Janis Hunter Gaye, second wife of Marvin Gaye, dead at 66
Hunter Gaye inspired several songs by the late Motown singer, including "I Want You," "Let's Get it On," and "After the Dance."
Janis Hunter Gaye, the second wife and occasional muse of famed singer-songwriter Marvin Gaye, has died at age 66. She died in her Rhode Island home of an undisclosed cause.
Hunter Gaye’s family announced news of her death, according to The Hollywood Reporter. Her daughter, singer and actress Nona Gaye, made a statement about her passing.
“From the time she met my father, she was exposed to the way he saw this world was aching, and she did her best to preserve his legacy as he was taken from us far too early,” Nona Gaye said. “She took every moment to speak about every word and every note of his music, and she wanted to make sure everyone knew the man she fell in love with. I will never get to see her again in this life but know she’s in heaven with my father and a spokesperson for us in spirit.”
Hunter Gaye began her relationship with Marvin Gaye after meeting him in 1973. As the daughter of famed singer Slim Gaillard, she was introduced to the Motown superstar by producer Ed Townsend at the label’s Los Angeles studio. Townsend was collaborating with Gaye on the follow-up album to his 1971 classic, “What’s Going On.”
Marvin, 34 years old at the time, became smitten with 17-year-old Janis. She became a muse for him to write and compose what was to become the “Let’s Get it On” album that year. Still married to his first wife, Anna Gordy Gaye, Marvin began a romantic relationship with Hunter Gaye that produced two children, Nona and Frankie. After his divorce from Gordy Gaye was finalized in 1977, Janis and Marvin married.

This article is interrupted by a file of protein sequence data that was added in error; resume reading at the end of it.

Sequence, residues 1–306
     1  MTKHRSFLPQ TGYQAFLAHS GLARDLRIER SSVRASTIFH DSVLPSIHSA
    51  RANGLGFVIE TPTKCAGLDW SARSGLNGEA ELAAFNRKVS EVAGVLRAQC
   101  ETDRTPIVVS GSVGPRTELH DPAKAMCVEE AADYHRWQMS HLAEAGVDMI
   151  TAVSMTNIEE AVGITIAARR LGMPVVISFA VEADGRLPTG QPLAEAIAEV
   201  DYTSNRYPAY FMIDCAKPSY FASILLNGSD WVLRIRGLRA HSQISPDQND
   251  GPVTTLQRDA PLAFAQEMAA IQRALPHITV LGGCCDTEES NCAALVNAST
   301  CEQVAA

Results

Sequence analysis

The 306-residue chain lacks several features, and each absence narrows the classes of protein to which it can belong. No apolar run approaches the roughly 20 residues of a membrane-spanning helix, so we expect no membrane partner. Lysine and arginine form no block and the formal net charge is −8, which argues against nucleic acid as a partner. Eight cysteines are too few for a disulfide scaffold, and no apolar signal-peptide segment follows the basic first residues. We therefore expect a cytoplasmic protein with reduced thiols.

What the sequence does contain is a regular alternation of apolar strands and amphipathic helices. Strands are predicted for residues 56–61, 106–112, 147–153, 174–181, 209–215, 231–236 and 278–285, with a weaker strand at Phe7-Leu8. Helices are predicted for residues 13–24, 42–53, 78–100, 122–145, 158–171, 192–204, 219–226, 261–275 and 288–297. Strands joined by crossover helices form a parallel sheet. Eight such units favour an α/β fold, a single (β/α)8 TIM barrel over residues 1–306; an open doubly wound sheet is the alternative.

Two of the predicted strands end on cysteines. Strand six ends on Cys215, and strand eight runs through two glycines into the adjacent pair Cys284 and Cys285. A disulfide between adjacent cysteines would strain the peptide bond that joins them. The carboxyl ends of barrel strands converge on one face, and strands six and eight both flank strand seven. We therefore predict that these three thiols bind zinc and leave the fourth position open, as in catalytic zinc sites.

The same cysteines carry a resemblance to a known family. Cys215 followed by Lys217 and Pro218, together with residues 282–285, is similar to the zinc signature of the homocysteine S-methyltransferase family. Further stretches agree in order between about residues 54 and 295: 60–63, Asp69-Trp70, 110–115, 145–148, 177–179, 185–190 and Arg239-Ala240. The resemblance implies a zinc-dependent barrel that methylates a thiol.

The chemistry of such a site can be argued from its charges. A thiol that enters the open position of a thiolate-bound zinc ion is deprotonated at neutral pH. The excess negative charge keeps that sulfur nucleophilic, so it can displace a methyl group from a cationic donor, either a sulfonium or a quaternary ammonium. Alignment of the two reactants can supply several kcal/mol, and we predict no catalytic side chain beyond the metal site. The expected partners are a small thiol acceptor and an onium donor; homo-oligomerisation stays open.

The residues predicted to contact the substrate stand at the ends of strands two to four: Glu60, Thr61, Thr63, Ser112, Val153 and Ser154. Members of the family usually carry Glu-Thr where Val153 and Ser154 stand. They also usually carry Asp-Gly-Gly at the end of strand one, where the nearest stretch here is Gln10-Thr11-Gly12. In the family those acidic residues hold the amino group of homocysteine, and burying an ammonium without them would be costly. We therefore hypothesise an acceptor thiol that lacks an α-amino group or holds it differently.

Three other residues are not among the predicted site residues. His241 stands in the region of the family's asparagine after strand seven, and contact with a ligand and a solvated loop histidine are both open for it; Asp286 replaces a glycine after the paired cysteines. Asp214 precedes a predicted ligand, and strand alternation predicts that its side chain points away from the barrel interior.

Hunter Gaye would inspire her husband to record numerous songs about her, including “Jan” for his 1974 “Marvin Gaye Live!” album, and the titular track from the 1976 sensuous classic, “I Want You.” Marvin even namedropped Hunter Gaye in the album’s songs, including “I Want to Be Where You Are,” and “Soon I’ll Be Loving You Again.”
In late 1978, Gaye released the album, “Here, My Dear,” written about the dissolution of his marriage to Gordy Gaye. The album’s penultimate track, “Falling in Love Again,” was dedicated to Hunter Gaye, as stated in Gaye’s biography, “Divided Soul.”
However, the marriage between Marvin and Janis was short-lived, with much of their relationship marred by Gaye’s alleged physical and psychological abuse of Hunter Gaye. They separated in the late 1970s and divorced in 1981, two years before Gaye was fatally shot by his father, Marvin Gaye Sr.
In 2015, Hunter Gaye wrote a memoir about her tumultuous relationship with her late husband, “After the Dance: My Life With Marvin Gaye.”
Along with Hunter Gaye’s two children, she is survived by sister Shawnn, brother Mark and grandson Nolan. A public memorial honoring Hunter Gaye’s life will be announced at a later date.
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